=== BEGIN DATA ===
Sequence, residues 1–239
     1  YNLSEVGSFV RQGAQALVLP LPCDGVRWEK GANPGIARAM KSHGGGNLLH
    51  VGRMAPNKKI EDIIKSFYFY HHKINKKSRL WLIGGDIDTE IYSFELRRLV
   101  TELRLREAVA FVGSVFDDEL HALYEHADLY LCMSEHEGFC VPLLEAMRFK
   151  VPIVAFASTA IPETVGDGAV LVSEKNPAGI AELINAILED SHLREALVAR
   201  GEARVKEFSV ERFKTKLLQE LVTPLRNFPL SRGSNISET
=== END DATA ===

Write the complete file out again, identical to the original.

Sequence, residues 1–239
     1  YNLSEVGSFV RQGAQALVLP LPCDGVRWEK GANPGIARAM KSHGGGNLLH
    51  VGRMAPNKKI EDIIKSFYFY HHKINKKSRL WLIGGDIDTE IYSFELRRLV
   101  TELRLREAVA FVGSVFDDEL HALYEHADLY LCMSEHEGFC VPLLEAMRFK
   151  VPIVAFASTA IPETVGDGAV LVSEKNPAGI AELINAILED SHLREALVAR
   201  GEARVKEFSV ERFKTKLLQE LVTPLRNFPL SRGSNISET